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Fostering Sustainability and Innovation in Agriculture
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Urban Ag Curriculum for High School Students is Growing Gardeners in Portland, Oregon

Urban Ag Curriculum for High School Students is Growing Gardeners in Portland, Oregon

July 2, 2014 |

Students work the land in the Madison High School community garden. Image courtesy of Madison High School.

Students work the land in the Madison High School community garden. Image courtesy of Madison High School.

From seed propagation to food justice, Susan Weincke has all the bases covered in her urban agriculture curriculum. Teaching at North Madison High School in Portland, Weincke blends practical experience with plant science to bring sustainable agriculture to a new generation of urban dwellers.

After working on educational and commercial farms and owning her own landscaping business, Susan Weincke became the Garden Coordinator at Madison High School in 2010. Through the government’s Career and Technical Education program, Weincke became a co-teacher at the school, assisting in science education. Today, having completed her Master’s in Education, Weincke is the agriculture teacher for Madison, using a school garden and outdoor classroom to bring her lessons on sustainability to students in grades 9 through 12.

Currently Weincke offers two classes: sustainable agriculture and urban farming. The agriculture class focuses on soil chemistry and needs, basic plant science as well as practical gardening techniques. Students produce a soil management plan, amend the soil, plant cover crops and develop a crop management plan, planting calendar and actually sow the seeds and maintain the beds. In the urban farming course, students propagate and harvest plants, create an urban farm business plan, manage plant sales and sell produce at a local farmer’s market. Both classes incorporate food system and food justice discussion. Weincke’s curriculum is aligned with the horticulture course at local Clackamas Community College allowing students to earn college credit for taking her classes.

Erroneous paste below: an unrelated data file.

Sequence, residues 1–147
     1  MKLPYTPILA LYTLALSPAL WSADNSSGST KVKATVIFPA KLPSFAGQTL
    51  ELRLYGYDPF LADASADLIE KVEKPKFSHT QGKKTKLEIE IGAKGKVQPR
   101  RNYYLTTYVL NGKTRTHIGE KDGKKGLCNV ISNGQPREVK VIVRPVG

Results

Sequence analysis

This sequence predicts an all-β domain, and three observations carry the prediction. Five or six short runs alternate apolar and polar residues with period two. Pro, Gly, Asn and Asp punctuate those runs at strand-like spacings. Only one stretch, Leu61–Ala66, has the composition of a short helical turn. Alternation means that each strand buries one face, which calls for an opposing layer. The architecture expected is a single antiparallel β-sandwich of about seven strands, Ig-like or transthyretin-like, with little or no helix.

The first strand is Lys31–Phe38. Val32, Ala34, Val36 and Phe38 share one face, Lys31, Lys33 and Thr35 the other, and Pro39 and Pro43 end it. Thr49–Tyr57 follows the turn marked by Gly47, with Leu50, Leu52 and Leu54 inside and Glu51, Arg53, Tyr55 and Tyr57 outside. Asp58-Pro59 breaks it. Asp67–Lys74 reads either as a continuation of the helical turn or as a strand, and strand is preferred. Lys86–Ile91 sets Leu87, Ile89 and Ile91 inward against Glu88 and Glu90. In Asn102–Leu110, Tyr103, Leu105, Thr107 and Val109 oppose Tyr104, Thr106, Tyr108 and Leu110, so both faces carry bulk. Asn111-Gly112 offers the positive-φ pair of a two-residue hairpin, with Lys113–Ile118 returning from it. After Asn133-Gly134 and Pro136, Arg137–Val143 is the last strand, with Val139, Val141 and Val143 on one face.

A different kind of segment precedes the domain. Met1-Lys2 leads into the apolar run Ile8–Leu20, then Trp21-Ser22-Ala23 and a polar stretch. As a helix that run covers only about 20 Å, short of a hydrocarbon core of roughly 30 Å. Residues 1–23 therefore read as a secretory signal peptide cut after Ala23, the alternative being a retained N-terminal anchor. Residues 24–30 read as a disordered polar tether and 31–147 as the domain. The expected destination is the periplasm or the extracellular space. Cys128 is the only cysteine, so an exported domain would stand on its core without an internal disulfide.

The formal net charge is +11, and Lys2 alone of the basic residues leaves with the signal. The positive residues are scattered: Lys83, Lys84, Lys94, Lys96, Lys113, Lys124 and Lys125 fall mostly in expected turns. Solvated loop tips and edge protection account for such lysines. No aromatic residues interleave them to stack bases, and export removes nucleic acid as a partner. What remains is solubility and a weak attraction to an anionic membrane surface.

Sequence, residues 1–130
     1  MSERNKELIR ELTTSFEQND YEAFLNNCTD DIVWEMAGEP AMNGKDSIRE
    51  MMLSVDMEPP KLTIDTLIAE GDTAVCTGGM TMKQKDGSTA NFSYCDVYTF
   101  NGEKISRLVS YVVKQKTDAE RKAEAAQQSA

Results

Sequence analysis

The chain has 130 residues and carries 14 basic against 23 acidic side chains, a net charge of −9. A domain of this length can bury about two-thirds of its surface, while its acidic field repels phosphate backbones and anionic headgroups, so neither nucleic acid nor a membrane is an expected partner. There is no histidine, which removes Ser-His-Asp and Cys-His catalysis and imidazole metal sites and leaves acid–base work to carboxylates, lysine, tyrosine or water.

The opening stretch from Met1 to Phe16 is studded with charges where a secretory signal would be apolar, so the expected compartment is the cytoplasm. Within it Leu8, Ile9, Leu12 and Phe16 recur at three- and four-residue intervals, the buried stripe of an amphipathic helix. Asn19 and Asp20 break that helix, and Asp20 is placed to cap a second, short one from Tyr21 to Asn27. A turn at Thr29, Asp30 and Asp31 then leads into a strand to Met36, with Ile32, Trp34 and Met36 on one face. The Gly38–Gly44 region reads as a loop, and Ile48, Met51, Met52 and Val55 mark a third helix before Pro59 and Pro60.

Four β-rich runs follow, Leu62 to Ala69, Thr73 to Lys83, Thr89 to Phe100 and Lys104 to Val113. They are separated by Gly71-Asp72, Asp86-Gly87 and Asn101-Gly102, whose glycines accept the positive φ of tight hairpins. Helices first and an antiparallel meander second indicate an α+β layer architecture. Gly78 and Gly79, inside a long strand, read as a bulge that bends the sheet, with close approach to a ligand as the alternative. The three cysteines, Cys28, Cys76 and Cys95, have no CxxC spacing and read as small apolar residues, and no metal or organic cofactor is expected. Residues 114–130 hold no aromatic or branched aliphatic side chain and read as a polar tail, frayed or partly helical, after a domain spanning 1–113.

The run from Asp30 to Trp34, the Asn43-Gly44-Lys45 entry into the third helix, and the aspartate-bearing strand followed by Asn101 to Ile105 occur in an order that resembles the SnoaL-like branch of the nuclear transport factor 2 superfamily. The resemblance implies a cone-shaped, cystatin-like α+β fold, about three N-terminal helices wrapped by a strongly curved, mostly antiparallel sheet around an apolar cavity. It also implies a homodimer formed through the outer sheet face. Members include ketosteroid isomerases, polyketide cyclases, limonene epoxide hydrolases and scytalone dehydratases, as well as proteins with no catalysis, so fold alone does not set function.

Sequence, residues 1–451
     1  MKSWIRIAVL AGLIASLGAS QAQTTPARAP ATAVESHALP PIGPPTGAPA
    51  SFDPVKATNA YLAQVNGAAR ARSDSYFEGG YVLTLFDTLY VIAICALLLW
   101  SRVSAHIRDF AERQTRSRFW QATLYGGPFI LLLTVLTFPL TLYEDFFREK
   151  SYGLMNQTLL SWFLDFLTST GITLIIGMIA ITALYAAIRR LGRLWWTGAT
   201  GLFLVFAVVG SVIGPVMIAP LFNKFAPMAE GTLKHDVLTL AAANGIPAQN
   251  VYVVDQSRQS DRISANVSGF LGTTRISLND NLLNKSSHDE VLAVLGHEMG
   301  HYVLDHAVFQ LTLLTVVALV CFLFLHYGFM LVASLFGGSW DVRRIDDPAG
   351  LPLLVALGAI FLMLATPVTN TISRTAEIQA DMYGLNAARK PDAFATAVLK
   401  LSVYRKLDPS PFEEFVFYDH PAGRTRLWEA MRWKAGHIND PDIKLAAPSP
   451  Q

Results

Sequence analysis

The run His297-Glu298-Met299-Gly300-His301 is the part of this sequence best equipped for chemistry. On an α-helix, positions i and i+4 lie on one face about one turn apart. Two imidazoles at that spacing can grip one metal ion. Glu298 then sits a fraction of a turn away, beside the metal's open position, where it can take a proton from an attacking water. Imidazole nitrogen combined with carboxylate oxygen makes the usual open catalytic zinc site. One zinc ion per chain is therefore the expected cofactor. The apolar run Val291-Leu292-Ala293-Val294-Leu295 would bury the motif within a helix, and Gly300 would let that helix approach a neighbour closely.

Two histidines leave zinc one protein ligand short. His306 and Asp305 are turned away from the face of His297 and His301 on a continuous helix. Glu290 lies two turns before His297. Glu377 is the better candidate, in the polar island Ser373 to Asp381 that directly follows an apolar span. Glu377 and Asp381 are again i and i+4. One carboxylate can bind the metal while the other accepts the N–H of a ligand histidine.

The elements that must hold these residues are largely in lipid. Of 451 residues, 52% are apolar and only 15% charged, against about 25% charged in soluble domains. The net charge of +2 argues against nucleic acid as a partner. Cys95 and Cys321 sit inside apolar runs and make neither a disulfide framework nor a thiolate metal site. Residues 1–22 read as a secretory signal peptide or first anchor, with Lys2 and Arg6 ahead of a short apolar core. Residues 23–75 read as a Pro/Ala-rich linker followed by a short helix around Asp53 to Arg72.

One of the main challenges that Weincke faces in teaching urban agriculture is ensuring students have the background knowledge to understand the concepts.

“It’s really amazing to see the evolution of my students throughout the year. At the beginning of the year they are very apprehensive, don’t really know what’s going on and then at the end of the year they know what to do and they take charge and they’re working away at their plots and they know how to plant because they’ve done their research and they’ve watched the demonstrations; it’s cool to see that transition,” says Weincke. Peer tutoring and subject scaffolding techniques further the student’s agriculture studies.

Inspired by food justice guru LaDonna Redmond, Weincke hopes to aid students in making tangible connections between their lives and issues of food inequality.

“We’re in a fairly low income area and so this idea of injustice within the food system kind of hits home for the bulk of my students,” says Weincke. “It’s really important to not only do the work but to think critically about the food system as a whole; not just defining food justice as having a lack of healthy nutritious, culturally appropriate food available at an affordable price, but looking at where people have been and still are being exploited in the food system, exploited both of land and labor.”

Weincke feels supported by the school administration and applauds their efforts to bring agriculture to their urban students.

“I think growing food should be a part of every school’s curriculum because I think it’s important to be connected to the source of your energy and to be connected to the thing that feeds us. I think every school should offer some sort of farm based education,” she says. “There’s so much science in the area of food, there’s so much discovery that can happen. I think just caring for something that’s alive can be pretty powerful for students.”

Now finished with her graduate studies, Weincke hopes to focus on raising funds and volunteers for her programming as well as establishing a ‘Future Farmers’ style club for interested students. With the generous donation of land across the street from a recent ten acre purchase by the Dharma Rain Buddhist community, Weincke hopes to expand the school gardens giving more students the space and opportunity to grow food and build informed futures in the busy streets of Portland.

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